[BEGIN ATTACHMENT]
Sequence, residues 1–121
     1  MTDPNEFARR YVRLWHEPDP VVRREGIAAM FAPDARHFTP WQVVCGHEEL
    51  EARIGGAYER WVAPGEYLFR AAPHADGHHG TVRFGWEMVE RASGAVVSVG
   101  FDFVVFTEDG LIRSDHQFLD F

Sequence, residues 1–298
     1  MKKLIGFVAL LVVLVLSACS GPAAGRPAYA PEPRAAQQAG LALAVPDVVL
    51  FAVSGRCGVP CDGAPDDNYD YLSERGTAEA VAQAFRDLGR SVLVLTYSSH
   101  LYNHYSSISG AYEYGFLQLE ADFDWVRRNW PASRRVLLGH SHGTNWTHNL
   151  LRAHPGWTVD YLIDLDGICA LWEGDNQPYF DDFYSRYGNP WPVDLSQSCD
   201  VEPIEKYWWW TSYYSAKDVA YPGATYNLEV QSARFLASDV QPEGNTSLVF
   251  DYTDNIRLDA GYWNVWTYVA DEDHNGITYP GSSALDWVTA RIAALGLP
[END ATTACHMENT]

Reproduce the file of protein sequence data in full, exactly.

Sequence, residues 1–121
     1  MTDPNEFARR YVRLWHEPDP VVRREGIAAM FAPDARHFTP WQVVCGHEEL
    51  EARIGGAYER WVAPGEYLFR AAPHADGHHG TVRFGWEMVE RASGAVVSVG
   101  FDFVVFTEDG LIRSDHQFLD F

Sequence, residues 1–298
     1  MKKLIGFVAL LVVLVLSACS GPAAGRPAYA PEPRAAQQAG LALAVPDVVL
    51  FAVSGRCGVP CDGAPDDNYD YLSERGTAEA VAQAFRDLGR SVLVLTYSSH
   101  LYNHYSSISG AYEYGFLQLE ADFDWVRRNW PASRRVLLGH SHGTNWTHNL
   151  LRAHPGWTVD YLIDLDGICA LWEGDNQPYF DDFYSRYGNP WPVDLSQSCD
   201  VEPIEKYWWW TSYYSAKDVA YPGATYNLEV QSARFLASDV QPEGNTSLVF
   251  DYTDNIRLDA GYWNVWTYVA DEDHNGITYP GSSALDWVTA RIAALGLP